For larger numbers of channels, a tunable filter can provide a higher-performance, more compact solution than a switched filter bank. Traditional tunable filters based on varactor diodes had significant limitations in terms of linearity and power handling. The use of MEMS switches in the frequency selective elements gives substantial advantages.

Figure 1 Switched filter bank (a) versus tunable filter (b).

The key challenges in designing a tunable filter include maintaining high Q factors, maintaining performance with high power handling and temperature variation, and ensuring filter performance is maintained over the full tuning range.

Designing an RF-MEMS-based Tunable Filter

The tunable filter shown in Figure 2 uses four MEMS-based MM5130 RF SP4T switches from Menlo Micro to realize a four-section filter tunable from 225MHz to 512MHz in discrete steps. The switched filter bank (SFB) measures 2.5 x 1.25 x 0.25 inches without connectors.

The filter is configured to tune over the frequency range in seven discrete steps. With 4-bit binary control from the SP4T switches, a total of 16 steps can be implemented if required.

Figure 2 Example tunable filter covering 225MHz to 512MHz.

Comparison to Typical Solid-State SFB Designs

Table 1 compares the specification of the tunable filter with a typical high-power switched filter bank, and Figure 3 depicts the tunable filter compared to a typical switched filter bank. Key performance benefits include low insertion loss, small size, less weight and low power consumption.

Table 1 RF-MEMS based Tunable Filter specifications

Figure 3 Tunable filter compared with a typical switched filter bank.

Theory of Operation

The key aspect in designing a multi-section tunable filter is to use a structure that maintains the desired filter response over the full tuning range while varying as few component values as possible. This 4-pole lumped element bandpass filter design varies the inductor value associated with each pole to tune the filter’s center frequency.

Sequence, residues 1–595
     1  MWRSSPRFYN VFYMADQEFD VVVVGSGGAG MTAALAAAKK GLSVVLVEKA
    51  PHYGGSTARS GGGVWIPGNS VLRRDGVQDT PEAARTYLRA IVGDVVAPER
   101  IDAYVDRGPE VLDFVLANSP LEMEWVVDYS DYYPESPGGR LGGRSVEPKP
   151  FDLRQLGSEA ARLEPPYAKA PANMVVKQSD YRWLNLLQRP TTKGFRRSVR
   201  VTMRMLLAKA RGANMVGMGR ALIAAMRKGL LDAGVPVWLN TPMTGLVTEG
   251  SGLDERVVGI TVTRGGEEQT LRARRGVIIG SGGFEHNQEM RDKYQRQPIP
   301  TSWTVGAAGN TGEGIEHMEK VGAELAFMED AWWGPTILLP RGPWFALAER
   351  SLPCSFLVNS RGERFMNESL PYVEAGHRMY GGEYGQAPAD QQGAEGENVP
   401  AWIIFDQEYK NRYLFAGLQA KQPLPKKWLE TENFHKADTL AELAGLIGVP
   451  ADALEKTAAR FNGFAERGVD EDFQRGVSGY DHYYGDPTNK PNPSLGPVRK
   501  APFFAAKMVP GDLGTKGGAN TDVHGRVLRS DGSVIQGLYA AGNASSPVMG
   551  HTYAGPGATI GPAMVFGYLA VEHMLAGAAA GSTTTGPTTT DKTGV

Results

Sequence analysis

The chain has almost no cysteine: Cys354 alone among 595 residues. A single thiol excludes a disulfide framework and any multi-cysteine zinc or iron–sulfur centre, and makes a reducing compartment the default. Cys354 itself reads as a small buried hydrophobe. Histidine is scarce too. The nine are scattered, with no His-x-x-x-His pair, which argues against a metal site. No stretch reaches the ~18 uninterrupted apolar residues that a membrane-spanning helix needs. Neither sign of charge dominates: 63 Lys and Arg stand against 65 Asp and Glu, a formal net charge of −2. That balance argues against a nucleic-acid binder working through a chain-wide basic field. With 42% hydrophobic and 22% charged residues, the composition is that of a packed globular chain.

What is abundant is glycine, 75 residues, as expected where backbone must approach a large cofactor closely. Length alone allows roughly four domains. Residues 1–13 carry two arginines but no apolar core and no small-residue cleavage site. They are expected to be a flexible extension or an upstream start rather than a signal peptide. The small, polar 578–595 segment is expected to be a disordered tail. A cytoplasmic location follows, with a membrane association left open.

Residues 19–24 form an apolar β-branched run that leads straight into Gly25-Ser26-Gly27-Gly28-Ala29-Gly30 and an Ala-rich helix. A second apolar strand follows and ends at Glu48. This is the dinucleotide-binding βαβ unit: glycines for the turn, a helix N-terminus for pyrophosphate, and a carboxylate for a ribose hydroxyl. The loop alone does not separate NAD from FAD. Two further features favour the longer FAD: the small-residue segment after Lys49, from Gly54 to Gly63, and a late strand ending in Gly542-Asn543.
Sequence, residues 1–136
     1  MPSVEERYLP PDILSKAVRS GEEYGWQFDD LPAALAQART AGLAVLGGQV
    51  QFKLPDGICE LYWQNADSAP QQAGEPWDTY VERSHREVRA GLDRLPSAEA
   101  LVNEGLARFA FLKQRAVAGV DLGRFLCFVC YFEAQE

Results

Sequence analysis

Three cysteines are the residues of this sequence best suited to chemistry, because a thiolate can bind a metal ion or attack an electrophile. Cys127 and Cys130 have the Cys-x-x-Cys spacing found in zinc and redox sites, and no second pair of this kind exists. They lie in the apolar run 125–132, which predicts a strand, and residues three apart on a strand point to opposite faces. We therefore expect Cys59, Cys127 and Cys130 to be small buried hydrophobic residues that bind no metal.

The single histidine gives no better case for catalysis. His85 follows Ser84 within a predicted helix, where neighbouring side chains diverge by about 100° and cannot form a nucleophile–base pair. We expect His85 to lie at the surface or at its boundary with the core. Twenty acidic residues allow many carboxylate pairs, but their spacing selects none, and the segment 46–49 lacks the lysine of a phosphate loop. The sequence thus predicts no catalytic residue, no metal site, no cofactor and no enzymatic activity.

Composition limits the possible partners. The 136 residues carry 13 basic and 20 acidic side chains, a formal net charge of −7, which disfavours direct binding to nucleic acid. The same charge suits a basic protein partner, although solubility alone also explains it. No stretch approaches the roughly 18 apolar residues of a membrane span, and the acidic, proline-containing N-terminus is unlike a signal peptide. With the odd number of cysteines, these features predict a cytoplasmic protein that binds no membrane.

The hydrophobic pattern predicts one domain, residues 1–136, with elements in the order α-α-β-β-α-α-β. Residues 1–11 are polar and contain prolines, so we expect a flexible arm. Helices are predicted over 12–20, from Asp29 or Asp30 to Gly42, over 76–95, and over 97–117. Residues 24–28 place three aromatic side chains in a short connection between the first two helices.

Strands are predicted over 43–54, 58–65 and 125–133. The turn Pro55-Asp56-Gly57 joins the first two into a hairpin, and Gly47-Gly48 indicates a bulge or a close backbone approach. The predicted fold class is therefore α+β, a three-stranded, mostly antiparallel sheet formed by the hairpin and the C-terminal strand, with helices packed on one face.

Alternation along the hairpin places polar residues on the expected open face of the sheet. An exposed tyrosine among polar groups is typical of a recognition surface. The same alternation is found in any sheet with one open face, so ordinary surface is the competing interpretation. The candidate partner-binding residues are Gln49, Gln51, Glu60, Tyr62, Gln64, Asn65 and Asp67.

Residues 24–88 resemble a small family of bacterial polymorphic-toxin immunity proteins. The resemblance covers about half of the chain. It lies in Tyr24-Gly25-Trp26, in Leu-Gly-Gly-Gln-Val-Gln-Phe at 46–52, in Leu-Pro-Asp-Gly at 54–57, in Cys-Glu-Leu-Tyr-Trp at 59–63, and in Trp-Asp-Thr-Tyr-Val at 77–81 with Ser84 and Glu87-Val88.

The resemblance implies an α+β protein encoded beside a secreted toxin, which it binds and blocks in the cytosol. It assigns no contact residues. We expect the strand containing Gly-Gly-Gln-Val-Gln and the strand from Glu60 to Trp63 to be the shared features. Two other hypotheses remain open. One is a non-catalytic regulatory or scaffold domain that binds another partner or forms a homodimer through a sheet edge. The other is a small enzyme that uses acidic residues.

This topology, shown in the Figure 4 filter schematic, inherently provides good harmonic rejection performance due to the design’s large number of shunt capacitors.

Figure 4 Filter schematic.

The capacitors between each inductor (i.e., the “PI” section) have a constant ratio of reactance between each other as frequency varies. This design allows filter response to be maintained over a wide frequency range. Since only the inductors are varied and the capacitors remain constant, the bandwidth percentage remains constant with frequency. As a result, the filter bandwidth increases with rising frequency, which is generally desirable as the insertion loss and harmonic rejection remain constant. The variable inductors are realized by switching fixed inductors in and out of the circuit using MEMS switches, as shown in Figure 5.

Figure 5 Switched inductors.

Switches S1 through S4 are the arms of an SP4T MEMS switch. Each arm may be controlled independently, providing a total of 16 possible switching states. Inductors L1 through L4 may be switched in parallel with the fixed inductor Lf, effectively lowering the overall inductor value. At high frequencies where minimum inductance is required, most of the switches will be closed, which effectively reduces the switch’s ON resistance as multiple paths are closed in parallel.